“They will work back and forth like that,” Coughlin said.
In the Giants’ two games, Nassib has thrown far more passes (33) than Eli Manning and Painter combined (19). He has completed 19 (57.6 percent) for 220 yards and a touchdown. Painter has completed all 10 of his throws for 94 yards and a touchdown (like Nassib’s, a game-winner to Corey Washington).
“He certainly did earn it, but I never put them in any kind of order for you and I won’t do it now, either,” Coughlin said. “They both have worked with the seconds, they both have worked with the threes and we will decide later in the week how we are going to play (against the Colts Saturday night in Indianapolis).”
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Painter was Manning’s backup in 2013, when he played in three games and threw 16 passes. Nassib was inactive for all 16 games, though it was the first time since 2007 the Giants kept a third quarterback on their regular-season roster.
If Painter was excited about working with the second team, he did a great job of hiding it.
“Those kinds of decisions are for people elsewhere, the coaches and the management,” he said. “I’ve just got to take advantage of any reps I get, whether it is a one-on-one route with just me and the receiver or whether it be a team rep, or in a preseason game. Just taking advantage of any reps that I can get out there and we’ll go from there.”
It is hard to ignore a stat line that doesn’t have an incompletion after 10 throws. But Painter was typically quick to credit others for his fine play.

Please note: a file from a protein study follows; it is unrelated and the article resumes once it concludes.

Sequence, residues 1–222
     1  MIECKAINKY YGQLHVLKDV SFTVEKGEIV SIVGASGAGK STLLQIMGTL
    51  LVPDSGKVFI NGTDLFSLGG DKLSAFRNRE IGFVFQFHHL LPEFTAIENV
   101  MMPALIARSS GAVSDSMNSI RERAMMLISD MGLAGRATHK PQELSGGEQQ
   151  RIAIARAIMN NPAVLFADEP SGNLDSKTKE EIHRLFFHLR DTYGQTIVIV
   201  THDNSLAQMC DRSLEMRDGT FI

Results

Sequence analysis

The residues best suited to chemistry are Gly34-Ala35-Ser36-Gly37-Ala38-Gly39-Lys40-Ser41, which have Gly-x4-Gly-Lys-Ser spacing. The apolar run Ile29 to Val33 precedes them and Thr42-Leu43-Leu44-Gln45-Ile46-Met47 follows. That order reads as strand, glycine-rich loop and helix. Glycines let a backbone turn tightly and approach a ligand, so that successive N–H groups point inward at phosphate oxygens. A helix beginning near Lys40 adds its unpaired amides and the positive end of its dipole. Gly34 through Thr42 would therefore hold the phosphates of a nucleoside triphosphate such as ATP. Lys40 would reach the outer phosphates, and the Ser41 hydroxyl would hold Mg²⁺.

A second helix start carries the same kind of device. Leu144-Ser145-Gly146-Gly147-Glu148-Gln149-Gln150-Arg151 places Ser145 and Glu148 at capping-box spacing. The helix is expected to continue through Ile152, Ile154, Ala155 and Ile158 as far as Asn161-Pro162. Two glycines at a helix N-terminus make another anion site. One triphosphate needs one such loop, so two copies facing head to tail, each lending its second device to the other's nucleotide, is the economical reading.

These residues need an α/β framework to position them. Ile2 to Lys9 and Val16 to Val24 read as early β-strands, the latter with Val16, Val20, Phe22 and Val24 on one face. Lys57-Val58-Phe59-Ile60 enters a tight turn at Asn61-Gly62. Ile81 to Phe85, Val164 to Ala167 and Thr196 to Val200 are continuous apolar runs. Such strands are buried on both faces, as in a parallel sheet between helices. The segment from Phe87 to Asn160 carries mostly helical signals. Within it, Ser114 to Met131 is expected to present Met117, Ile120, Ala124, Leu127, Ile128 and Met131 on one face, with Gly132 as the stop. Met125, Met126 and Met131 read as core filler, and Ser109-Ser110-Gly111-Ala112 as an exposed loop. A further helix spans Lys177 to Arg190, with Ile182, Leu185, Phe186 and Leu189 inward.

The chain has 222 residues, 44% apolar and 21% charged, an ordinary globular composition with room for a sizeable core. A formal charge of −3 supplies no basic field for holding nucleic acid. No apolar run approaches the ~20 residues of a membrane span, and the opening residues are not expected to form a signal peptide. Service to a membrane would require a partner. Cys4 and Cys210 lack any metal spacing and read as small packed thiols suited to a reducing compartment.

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“Guys made some plays,” he said. “They got open and did great jobs running routes so, it makes it pretty easy in that respect. Even with that, there are a lot of things you can correct. You can always get better and we’ll work on that and work on our techniques and continue to get better from there.”
Painter is a five-year veteran who previously played for the Indianapolis Colts. He wasn’t worried when Nassib began working with the second team in the spring. Painter concedes that such a move might have bothered him earlier in his career.
“I think you get an understanding,” Painter said. “Everybody’s a team player here. You get that understanding from the top down. It seems like competition on the surface at every position, but we’re all working together to make this team better. Whatever way that may be - second, third, fourth, first string, whatever, we’re trying to make everybody else better. That’s what we’re really focused on.”
- Four wide receivers sat out practice day and another, Odell Beckham Jr., was limited to individual drills. Those missing the workout were Victor Cruz (knee), Jerrel Jernigan (knee), Trindon Holliday (hamstring) and Marcus Harris (hip). Coughlin said Cruz, Jernigan and Harris should practice tomorrow.
Beckham continues to increase his workload, but has not worked in a team practice period since early in camp.
“He did individual,” Coughlin said. “They said he did alright. Maybe they can extend it a little bit tomorrow, I hope.”
Also missing practice were fullback John Conner (concussion), tight end Xavier Grimble (hamstring), running back Peyton Hillis (ankle/foot), cornerback Jayron Hosley (foot), defensive tackle Mike Patterson (shoulder) and linebacker Jon Beason (foot-PUP).
- Tight end Daniel Fells, who suffered a bone bruise to his knee in the Hall of Fame Game last week, returned to the field for individual drills.
“I am hoping that Daniel Fells is better tomorrow and maybe we can get Xavier Grimble pretty quick,” Coughlin said. “He’s been out a long time for a rookie.”
Washington took some first-team snaps and caught several passes, including a grab on a throw from Painter in which he leaped over cornerback Zack Bowman.
“That was a great catch,” Painter said. “He’s been doing that all practice, so it’s good to see a guy going up and getting it. He continues to make plays. He’s doing a great job, he’s taking advantage of some great opportunities and impressing some people. Hopefully, that continues. He’s a big target to throw it to, so that’s always nice.”
Coughlin said, “He has been one of those kids, you throw it up he goes and gets it.”